My Biggest Strength is My Biggest Weakness

We all have a unique gift of perspective. After many hours of introspection, I’ve identified and embraced mine. I have a strong sense of empathy. Another time I may dig into why I believe I developed this gift. For today, let’s talk about strengths and weaknesses.

When I wrote this post a few days ago I was in an excellent mood. I had suffered through a couple of miles on the treadmill, eaten a light lunch and was thinking of all of the things I could accomplish for the remainder of the day. Then it happened and I’m sure it’s happened to you before. Everything is going great and then someone does or says something that bothers you and it’s as if all of the oxygen has been sucked out of your good day. You’re now in a bad mood. You’re still dreaming of the great day that could’ve been. Your gut reaction is to fight back. Mine too.

My biggest strength is understanding how people feel. I can empathize with them. My biggest weakness is that I’m a deeply emotional person. I feel everything. Even someone looking at me the wrong way can set me in a mood. And then it’s a downhill spiral. Nothing is right. Nothing is going my way. I want to disappear. And it’s in this moment of weakness that things really fall apart. I’m no longer able to work towards my goals. And even worse some of my natural, yet often negative traits, show up. I’m not friendly. I don’t make healthy decisions. In fact, in this moment, I’m just looking for something to make me feel better. Whether it’s drinking a delicious sugary beverage, ordering that expensive thing I don’t need, or ordering my favorite (but very, very unhealthy) takeout, I’m on the hunt for something that will take my mind off my very negative mindset.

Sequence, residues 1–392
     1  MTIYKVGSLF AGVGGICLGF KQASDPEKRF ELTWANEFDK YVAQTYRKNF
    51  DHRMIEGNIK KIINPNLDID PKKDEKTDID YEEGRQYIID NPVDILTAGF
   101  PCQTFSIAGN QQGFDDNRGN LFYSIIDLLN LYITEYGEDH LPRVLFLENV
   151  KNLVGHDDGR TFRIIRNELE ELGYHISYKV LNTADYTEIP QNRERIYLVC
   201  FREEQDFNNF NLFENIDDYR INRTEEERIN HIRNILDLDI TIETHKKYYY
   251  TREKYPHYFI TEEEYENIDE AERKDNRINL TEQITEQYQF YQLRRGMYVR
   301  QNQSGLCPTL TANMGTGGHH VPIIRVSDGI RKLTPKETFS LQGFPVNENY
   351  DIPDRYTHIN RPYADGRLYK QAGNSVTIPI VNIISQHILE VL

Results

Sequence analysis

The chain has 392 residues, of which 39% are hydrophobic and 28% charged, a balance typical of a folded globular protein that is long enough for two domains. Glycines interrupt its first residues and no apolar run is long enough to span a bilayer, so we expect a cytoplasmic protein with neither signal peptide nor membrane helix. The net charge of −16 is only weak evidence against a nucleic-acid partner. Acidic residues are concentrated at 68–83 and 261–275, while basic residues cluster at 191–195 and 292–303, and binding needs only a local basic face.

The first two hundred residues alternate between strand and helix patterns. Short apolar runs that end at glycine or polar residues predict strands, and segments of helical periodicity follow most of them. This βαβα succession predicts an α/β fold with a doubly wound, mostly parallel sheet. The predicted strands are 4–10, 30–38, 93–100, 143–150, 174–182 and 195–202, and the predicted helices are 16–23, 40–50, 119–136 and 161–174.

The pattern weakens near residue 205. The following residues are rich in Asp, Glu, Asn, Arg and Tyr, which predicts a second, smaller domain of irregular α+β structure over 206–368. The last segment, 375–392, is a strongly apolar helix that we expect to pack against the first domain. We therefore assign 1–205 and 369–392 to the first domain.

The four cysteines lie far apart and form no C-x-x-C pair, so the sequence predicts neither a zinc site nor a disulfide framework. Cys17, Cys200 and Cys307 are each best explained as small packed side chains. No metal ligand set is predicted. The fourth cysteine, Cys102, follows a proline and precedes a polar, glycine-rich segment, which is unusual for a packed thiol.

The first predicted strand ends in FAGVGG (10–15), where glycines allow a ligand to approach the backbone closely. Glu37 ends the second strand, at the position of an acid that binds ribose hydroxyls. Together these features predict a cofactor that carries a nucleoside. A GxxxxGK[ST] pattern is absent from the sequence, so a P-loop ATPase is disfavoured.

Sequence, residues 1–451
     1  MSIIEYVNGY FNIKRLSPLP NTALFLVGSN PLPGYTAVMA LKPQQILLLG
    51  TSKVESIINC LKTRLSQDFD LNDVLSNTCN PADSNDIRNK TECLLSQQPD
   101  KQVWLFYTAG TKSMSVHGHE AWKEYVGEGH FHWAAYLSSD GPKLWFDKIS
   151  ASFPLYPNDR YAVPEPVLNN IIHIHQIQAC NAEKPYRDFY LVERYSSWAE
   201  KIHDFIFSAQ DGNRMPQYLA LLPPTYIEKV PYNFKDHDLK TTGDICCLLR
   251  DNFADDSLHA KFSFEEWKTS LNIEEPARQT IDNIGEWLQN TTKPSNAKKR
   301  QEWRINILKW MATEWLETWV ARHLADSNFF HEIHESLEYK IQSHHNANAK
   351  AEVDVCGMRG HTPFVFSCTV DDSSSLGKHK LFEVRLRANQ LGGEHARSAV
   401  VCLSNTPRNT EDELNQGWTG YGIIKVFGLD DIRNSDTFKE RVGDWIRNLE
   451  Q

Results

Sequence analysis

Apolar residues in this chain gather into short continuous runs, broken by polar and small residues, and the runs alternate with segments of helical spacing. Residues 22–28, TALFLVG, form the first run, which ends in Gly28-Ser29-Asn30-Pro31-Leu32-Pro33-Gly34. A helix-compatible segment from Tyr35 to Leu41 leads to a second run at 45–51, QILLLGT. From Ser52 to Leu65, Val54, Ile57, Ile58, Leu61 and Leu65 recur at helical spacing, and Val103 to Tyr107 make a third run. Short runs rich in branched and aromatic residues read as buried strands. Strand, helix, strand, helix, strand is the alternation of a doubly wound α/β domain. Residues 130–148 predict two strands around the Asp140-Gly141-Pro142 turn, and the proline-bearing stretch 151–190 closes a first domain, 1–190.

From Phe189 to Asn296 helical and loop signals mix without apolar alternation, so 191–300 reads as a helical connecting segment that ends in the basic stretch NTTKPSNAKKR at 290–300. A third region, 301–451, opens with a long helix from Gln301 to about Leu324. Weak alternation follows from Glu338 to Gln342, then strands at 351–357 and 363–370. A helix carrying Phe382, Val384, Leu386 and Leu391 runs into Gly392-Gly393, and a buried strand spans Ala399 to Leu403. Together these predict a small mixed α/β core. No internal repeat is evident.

I can’t accept the strength of being able to empathize with others without accepting the weakness of wearing my emotions on my sleeve. But what I can do is understand how and why I’m feeling. Lately, I’ve tried a new technique for managing these moments. Perhaps you’ll find it helpful when you’re thrown off your game:

Step One: Pause. Don’t do anything for one minute.
Step Two: Empathize. Think about the person/idea/situation that set you off. If you were on the other side of this, what would you be thinking? Would you do the same thing?
Step Three: Understand. Get out of your emotional mind and analyze the situation. A rational look at the situation will be far more helpful than an emotional one.
Step Four: Respond. Or Not. Now decide what you need to do. Sometimes you have to respond. Sometimes it’s better to move on or perhaps address the issue at another time.
Step Five: Move on. Go back to what you were doing before things fell apart. Try to forget they happened.

Give these five steps a try next time you’re thrown off your game. Chances are, you’ll make better decisions and be a much happier person.

Interested in hearing more about strengths and weaknesses? My third book co-authored by David Rendall, Pink Goldfish, comes out next year. We’re highlighting case studies of businesses who found strength by amplifying their weaknesses. Check out Dave’s TEDx talk:

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